What I love about this canvas is just how visual and clear it is to add insights. It’s a brilliant tool to help product teams develop and refine a really clear shared understanding and empathy for the people who matter most in their world, in many contexts.
As a PO, I’ve used it by myself ahead of an important meeting or session to work out how to pitch something. As a Scrum Master, it’s been a great tool in a Retrospective to work out what’s going wrong in a relationship or help the team understand how better to interact with someone. It would also be powerful as part of a design or planning session.
I use the canvas in the way it’s been designed. I start with the grey ‘Goal’ section at the top. I define who the canvas is about and what goal I’m trying to achieve by using this. I find this works best when you explain something you can observe or a clear outcome.
I then continue to work around the canvas in numerical order. If you are vague on some of the details, don’t worry. This is something to file away and refine as you get to know your stakeholders better. I will often come back to mine and add more insights as time goes on. The important thing here is that you’re trying to understand what it’s like walking in their shoes. You want to understand their experiences and concerns. The next part is when things become interesting.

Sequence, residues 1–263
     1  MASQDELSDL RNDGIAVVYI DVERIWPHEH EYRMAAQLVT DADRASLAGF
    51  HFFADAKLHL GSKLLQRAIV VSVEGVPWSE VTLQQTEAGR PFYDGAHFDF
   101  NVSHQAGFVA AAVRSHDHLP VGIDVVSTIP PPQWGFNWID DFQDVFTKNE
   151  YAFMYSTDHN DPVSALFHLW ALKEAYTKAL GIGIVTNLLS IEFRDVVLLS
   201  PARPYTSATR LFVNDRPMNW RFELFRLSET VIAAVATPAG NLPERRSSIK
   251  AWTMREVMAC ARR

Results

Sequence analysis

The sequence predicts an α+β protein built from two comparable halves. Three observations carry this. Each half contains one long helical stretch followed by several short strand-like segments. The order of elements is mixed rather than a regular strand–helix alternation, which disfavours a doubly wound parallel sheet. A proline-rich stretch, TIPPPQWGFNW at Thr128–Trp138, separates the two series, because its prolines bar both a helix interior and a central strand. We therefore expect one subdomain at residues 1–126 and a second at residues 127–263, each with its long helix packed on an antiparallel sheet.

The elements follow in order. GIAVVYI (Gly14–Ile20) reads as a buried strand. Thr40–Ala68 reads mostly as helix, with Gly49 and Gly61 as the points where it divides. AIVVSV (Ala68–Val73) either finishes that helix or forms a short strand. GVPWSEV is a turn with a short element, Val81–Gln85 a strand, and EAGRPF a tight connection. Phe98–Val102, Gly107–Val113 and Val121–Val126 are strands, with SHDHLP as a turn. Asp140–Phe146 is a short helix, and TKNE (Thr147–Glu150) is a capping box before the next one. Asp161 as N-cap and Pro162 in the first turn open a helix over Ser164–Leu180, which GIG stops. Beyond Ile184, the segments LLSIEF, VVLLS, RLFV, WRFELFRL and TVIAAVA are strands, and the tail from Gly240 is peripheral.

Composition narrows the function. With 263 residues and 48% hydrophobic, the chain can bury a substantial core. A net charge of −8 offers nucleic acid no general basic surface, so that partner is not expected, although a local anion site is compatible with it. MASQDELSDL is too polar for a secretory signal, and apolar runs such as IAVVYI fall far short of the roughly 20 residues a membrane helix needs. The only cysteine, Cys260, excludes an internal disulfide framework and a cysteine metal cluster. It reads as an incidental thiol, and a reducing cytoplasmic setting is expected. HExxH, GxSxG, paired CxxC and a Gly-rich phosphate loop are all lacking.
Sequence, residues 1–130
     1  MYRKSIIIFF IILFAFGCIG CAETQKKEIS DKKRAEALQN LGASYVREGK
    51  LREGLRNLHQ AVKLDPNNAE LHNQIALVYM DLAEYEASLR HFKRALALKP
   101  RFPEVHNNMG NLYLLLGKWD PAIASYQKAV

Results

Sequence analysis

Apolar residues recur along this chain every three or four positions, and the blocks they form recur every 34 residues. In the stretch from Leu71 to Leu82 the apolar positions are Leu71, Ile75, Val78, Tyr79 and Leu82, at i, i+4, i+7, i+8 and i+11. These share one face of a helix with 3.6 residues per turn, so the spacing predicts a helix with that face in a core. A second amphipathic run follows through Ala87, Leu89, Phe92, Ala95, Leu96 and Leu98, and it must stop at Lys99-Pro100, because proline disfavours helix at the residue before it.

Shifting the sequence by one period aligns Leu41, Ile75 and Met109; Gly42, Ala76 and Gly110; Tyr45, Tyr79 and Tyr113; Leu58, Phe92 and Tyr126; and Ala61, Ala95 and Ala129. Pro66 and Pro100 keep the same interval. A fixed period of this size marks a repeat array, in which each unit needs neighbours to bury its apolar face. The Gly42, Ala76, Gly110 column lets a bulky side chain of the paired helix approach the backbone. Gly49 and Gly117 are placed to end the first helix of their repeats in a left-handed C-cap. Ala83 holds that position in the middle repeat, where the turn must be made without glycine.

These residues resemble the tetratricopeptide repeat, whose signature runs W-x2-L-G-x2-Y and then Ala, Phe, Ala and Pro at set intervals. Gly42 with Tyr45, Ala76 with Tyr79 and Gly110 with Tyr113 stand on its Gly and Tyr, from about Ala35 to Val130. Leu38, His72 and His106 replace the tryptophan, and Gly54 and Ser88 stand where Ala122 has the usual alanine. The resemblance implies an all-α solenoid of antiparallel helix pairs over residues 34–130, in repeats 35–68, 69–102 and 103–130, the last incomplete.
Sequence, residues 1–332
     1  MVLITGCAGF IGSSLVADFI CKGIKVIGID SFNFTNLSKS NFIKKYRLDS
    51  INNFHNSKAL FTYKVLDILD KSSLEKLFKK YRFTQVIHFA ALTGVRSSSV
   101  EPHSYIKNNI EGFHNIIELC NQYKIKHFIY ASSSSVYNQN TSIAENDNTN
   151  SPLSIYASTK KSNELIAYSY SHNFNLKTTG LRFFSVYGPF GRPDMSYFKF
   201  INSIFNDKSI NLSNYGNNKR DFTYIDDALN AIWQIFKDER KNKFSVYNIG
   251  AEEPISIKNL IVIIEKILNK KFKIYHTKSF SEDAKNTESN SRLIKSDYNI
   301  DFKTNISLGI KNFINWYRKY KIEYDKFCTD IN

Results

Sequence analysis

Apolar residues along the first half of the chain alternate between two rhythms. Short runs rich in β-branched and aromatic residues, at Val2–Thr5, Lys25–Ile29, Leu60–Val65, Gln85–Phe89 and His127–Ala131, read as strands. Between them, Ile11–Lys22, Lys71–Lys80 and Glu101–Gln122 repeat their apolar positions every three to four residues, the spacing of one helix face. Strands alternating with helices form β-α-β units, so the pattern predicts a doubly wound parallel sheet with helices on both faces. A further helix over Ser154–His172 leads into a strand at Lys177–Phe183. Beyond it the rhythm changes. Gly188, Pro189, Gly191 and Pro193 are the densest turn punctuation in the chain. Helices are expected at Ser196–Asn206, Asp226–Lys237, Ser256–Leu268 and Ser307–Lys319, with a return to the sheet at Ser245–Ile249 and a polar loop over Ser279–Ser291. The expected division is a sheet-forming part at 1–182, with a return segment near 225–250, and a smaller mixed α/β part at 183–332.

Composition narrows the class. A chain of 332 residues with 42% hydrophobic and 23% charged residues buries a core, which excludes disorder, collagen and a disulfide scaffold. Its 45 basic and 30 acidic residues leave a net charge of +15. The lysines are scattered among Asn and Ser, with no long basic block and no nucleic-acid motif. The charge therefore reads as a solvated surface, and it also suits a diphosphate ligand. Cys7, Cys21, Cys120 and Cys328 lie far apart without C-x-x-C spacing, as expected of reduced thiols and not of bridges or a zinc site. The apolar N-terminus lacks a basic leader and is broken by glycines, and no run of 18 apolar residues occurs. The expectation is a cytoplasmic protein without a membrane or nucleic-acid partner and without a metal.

Once you have gone around the canvas, the final part focuses on what is happening inside their head. Getting useful insights into how your stakeholders’ think’ and ‘feel’ is the exercise’s ultimate purpose. Once you correctly unlock these insights, it has the potential to transform your relationship with that person.
There are also complementary practices which help can more insights — for example, adding data from their DISC personality profiles. I’m a big fan of DISC and will write about it in a later blog.
I keep coming back to this excellent tool time and again, in many different contexts. It’s one I recommend to the teams I work with.